Which Bill is 100th amendment to Constitution?

Will the draft legislation rolling out the Goods and Service Tax (GST) regime enter the statute book as the 100th amendment to the Constitution or will the land swap agreement with Bangladesh get that distinction. It’s a race and it could go down to the wire.

As Finance Minister Arun Jaitley steered the GST Bill through the Lok Sabha and External Affairs Minister Sushma Swaraj managed to secure Rajya Sabha’s nod for the land swap deal an hour later, both staked claim to their respective Bills being re-numbered 100th amendment to the Constitution.

In the case of the GST Bill, it was introduced in the Lok Sabha as The Constitution (122nd Amendment) Bill, 2014, while the draft legislation on the India-Bangladesh land swap agreement has been pending in the Rajya Sabha since December 2013 as The Constitution (119th Amendment) Bill.

Re-numbering the Bill

Ms. Swaraj said in the RS there were only four changes in this piece of legislation that had been drafted by the Congress. All changes, according to her, were of a technical nature and one of them was re-numbering the Bill as the 100th amendment to the Constitution. She, in fact, used the 100th amendment to the Constitution status of the Bill as another reason for the House to pass it unanimously.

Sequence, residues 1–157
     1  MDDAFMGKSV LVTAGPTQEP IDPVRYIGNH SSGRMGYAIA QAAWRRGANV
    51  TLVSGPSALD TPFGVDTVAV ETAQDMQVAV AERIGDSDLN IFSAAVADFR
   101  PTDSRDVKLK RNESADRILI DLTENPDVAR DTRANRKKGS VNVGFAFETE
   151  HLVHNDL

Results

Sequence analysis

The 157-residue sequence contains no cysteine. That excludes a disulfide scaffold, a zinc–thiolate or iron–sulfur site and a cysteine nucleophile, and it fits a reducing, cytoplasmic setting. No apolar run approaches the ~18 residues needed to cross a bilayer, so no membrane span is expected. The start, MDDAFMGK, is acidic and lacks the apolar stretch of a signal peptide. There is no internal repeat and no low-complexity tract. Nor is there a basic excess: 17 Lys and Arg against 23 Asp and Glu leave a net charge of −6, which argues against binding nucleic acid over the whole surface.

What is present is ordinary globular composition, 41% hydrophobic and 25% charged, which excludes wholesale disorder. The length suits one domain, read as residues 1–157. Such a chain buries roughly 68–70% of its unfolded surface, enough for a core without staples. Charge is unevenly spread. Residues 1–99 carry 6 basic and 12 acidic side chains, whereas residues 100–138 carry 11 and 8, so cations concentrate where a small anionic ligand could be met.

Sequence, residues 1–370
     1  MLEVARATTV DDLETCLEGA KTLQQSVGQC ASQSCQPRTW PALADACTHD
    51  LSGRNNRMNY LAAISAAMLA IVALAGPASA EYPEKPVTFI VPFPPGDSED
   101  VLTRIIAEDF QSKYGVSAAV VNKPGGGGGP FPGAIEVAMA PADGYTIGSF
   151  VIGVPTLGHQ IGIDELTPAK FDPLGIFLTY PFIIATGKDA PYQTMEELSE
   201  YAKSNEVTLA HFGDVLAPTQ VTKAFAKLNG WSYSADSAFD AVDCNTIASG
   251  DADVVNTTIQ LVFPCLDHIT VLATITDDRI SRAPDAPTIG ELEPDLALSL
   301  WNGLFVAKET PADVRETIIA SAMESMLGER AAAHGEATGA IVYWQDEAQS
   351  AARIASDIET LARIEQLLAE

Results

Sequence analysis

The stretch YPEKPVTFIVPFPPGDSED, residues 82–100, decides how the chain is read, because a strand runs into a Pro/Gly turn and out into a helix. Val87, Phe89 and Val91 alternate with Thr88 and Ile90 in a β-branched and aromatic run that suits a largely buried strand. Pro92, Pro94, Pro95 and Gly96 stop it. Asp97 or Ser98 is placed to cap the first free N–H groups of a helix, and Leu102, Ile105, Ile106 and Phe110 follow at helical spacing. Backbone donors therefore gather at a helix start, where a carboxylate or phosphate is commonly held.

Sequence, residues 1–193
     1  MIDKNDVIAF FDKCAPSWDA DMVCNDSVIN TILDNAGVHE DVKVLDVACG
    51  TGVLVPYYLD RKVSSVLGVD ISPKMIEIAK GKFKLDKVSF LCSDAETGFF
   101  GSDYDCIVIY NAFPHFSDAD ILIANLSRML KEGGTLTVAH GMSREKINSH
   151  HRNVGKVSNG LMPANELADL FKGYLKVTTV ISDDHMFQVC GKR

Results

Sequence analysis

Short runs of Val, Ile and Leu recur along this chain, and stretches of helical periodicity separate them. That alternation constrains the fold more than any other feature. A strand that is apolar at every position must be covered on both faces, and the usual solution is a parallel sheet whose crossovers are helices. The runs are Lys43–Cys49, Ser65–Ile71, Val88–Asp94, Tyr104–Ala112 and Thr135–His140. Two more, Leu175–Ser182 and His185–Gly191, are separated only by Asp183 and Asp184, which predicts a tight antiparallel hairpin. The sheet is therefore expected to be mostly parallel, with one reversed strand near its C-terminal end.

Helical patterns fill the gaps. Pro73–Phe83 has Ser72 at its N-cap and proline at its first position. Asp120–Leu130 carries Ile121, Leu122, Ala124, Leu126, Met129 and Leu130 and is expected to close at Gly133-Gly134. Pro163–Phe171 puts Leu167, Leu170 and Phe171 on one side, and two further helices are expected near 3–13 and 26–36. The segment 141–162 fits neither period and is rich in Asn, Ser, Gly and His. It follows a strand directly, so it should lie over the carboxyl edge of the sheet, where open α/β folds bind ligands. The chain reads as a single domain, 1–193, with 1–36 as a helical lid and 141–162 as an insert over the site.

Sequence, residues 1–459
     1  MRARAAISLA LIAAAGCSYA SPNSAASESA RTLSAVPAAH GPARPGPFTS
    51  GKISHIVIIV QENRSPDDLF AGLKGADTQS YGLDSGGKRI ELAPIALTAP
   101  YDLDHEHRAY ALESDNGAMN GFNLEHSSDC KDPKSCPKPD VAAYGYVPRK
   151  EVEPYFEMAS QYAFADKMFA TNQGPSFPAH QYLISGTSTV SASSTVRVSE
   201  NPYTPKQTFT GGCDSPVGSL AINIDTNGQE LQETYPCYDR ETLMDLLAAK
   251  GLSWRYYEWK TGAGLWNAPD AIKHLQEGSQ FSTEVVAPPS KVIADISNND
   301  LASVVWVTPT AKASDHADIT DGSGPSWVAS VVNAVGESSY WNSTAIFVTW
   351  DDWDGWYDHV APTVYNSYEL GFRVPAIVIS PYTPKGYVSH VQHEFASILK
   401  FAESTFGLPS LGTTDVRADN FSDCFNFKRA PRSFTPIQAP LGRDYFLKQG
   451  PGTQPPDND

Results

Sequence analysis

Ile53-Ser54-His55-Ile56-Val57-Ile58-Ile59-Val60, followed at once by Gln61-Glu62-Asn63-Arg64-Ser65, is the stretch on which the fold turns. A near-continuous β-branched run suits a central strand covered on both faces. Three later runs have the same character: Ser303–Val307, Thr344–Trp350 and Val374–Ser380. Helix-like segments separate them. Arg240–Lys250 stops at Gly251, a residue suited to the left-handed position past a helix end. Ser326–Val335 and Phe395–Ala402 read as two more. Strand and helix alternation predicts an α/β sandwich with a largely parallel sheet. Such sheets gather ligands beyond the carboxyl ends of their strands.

An hour later, Mr. Jaitley informed the Lok Sabha Speaker that he had given notice for re-numbering the GST Bill as the 100th amendment to the Constitution.

Changing the number of an amendment to the constitution is nothing new as sometimes a Bill takes longer than another to get enacted; so there is considerable jumping of the queue. The final number of a Bill is determined as per the date on which it is cleared by both Houses of Parliament and the same rule will apply in this case also. Depending on which Bill clears the second House, it will get to be the 100th amendment to the Constitution.

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Printable version | Jan 26, 2022 8:04:01 PM |

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